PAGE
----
In order to recruit herds with mycoplasmosis, the project had been announced to routine diagnostic laboratories by letter and practicing veterinarians in Switzerland by e-mail and announcements at seminars for continuous education. From April 2010 till October 2011, affected herds were reported. These herds, which had at least one animal with clinical signs of mastitis, pneumonia or arthritis and at least one M. bovis polymerase chain reaction (PCR) or culture positive sample in materials such as milk, broncho-alveolar lavage fluids, nasal swabs, lung or mammary gland-tissue during the last 3 months before study enrollment were included in the study and were defined as case herds.

To have balanced study groups, one control herd was selected for each case herd taking into account the herd size and geographical distance to the case herd. The Swiss Animal Movement Database was consulted to identify five neighboring herds located within a 5 km range from the case herd and with a similar herd size (+/−10 cows). If no herds were located within 5 km of the case herd, the radius was increased to 10 km. From this list, one herd was randomly selected and contacted with a request to participate. These herds were defined as control herds, given the additional requirement that they did not have a history of clinical disease caused by M. bovis within the past 12 months, which was reported by the farmer and confirmed by the attending veterinarian, respectively.

Definition of clinical cases

Clinical pneumonia in cows and calves was defined as a condition with elevated body temperature, elevated respiratory rate, pathological lung sounds and coughing. A case of clinical mastitis was defined by abnormal changes in milk secretion and/or swelling of affected quarters with or without systemic symptoms such as elevated body temperature. Subclinical mastitis was defined as a somatic cell count >150,000 cells/ml without changes in secretion or swelling of affected quarters. Arthritis was defined as distinct swelling of one or more joints with or without lameness.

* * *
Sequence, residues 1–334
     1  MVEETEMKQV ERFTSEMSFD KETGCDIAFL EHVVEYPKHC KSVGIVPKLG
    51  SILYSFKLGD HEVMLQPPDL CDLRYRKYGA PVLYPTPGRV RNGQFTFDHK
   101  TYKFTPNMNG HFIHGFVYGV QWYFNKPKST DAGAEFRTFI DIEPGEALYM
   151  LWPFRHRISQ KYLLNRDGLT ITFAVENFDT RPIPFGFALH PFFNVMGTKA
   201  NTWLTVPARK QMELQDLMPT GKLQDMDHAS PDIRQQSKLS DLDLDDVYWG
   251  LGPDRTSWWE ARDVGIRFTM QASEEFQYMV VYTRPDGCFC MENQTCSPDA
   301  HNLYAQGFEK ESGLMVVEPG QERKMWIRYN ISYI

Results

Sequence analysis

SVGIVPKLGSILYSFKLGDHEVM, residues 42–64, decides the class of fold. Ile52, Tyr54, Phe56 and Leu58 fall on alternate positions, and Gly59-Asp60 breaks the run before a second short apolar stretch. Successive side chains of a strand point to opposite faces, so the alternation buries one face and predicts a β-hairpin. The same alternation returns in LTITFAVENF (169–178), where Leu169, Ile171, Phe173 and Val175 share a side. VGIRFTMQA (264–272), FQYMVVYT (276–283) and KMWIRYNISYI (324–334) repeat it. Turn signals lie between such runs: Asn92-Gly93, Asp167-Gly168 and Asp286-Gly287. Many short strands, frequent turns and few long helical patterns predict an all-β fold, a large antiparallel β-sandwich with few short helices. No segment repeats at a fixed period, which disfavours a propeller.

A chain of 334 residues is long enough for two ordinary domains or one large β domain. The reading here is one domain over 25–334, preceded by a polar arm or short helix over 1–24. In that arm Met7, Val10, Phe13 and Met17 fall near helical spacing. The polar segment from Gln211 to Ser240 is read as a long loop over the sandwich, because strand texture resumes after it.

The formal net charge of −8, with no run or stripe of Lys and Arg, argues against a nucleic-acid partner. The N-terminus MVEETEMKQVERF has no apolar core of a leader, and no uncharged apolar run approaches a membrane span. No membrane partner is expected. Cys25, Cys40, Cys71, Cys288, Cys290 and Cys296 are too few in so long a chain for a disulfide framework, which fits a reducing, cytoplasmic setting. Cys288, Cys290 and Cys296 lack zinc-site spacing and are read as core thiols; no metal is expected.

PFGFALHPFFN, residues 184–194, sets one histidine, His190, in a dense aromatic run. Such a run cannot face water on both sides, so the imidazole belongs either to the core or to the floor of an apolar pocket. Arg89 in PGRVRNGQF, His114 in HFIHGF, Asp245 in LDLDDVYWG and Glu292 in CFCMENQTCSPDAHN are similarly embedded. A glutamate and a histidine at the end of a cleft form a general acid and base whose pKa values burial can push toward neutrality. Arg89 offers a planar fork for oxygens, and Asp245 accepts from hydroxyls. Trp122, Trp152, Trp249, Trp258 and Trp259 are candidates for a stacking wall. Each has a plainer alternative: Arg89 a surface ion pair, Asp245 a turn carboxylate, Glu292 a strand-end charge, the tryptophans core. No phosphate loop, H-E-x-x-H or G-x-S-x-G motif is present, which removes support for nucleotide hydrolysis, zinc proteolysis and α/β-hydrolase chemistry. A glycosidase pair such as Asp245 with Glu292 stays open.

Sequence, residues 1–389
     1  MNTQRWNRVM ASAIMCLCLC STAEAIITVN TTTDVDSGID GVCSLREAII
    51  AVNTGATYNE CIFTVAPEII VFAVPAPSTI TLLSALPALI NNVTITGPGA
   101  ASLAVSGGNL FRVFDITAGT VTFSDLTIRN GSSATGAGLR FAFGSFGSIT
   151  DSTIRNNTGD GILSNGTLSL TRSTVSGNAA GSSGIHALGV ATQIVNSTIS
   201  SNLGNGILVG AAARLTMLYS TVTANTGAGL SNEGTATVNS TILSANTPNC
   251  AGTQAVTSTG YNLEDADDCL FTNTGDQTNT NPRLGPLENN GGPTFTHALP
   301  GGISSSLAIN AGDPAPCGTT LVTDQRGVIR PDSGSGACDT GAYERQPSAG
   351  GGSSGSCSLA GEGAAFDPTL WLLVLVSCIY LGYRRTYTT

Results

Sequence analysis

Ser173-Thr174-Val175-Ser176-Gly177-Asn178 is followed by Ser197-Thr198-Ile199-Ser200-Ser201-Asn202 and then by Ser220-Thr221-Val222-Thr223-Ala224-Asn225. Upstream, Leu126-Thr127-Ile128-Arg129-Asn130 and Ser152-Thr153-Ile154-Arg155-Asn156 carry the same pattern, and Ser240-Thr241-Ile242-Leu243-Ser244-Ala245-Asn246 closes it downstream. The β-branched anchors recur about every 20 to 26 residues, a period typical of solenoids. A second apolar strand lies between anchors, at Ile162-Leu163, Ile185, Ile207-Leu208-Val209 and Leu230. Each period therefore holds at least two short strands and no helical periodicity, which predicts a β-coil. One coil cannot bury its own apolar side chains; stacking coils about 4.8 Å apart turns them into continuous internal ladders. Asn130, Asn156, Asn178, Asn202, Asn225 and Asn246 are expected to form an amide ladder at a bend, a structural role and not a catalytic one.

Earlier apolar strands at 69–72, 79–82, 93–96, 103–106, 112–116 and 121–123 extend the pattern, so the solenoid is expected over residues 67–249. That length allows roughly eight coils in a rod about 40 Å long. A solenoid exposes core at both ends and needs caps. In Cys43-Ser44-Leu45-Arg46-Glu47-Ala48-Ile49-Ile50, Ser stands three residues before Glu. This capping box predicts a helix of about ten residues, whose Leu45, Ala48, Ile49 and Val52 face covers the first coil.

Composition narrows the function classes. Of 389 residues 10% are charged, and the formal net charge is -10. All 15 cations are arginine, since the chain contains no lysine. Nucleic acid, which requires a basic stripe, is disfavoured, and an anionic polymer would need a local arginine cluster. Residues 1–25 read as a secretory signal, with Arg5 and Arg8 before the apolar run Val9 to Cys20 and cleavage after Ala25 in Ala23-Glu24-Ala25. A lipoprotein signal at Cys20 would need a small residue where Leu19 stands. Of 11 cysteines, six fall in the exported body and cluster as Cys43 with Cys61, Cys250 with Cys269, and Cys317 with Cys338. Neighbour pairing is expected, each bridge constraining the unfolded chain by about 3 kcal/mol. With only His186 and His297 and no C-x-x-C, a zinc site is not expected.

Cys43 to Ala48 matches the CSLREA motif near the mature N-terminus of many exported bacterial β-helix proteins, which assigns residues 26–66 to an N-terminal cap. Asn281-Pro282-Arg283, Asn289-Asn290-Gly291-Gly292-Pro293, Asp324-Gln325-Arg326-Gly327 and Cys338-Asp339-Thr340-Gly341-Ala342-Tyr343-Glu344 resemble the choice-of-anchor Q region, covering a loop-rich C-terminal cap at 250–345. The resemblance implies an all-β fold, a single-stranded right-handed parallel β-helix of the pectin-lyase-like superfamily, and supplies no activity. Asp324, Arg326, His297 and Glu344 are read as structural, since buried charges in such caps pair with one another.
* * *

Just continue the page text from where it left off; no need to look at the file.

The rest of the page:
Collection of herd data and clinical samples

During the first and second visits to case and control herds, the same structured questionnaire was used to assess farm data. At each herd visit, housing, milking system, milking routine and calf management were evaluated. The questions concerned general farm information covering the topics housing system, animal movements (trade, cattle shows) and milking system. The age-specific number of cases with a clinical diagnosis of pneumonia or arthritis within the last 12 months was recorded with the aid of treatment records for young stock or adults separately. Mastitis cases caused by M. bovis, as confirmed by either PCR or bacteriological culture within the 3-months-period prior to the first visit, were also recorded. Milking hygiene and milking routine were observed during milking and included sequence of work steps during udder preparation, presence of a milking order according to udder health status of the individual cows, and post milking teat disinfection. Intensive animal movements (animal traders and herds with >5 transportations per year) and presence of concomitant disease within the previous 12 months such as puerperal metritis, displacement of abomasum, post-partum hypocalcaemia (“milk fever”) and clinical ketosis were assessed by consulting farm records. Overcrowding, high in-barn temperature (>24°C) and impaired feed quality were listed as stress-factors. Overcrowding was regarded as present if not all animals of one housing-unit (i.e. one row of cows in a tie stall, one deep straw box for group housing of calves) were able to lie down at the same time including a cubicle-to-cow ratio <1 for herds kept in loose housing systems. Feed quality was assessed by visual and olfactory inspection for presence of molds and for secondary fermentation of silages, respectively. An overview of the data collected on farms and management is given in Table 1.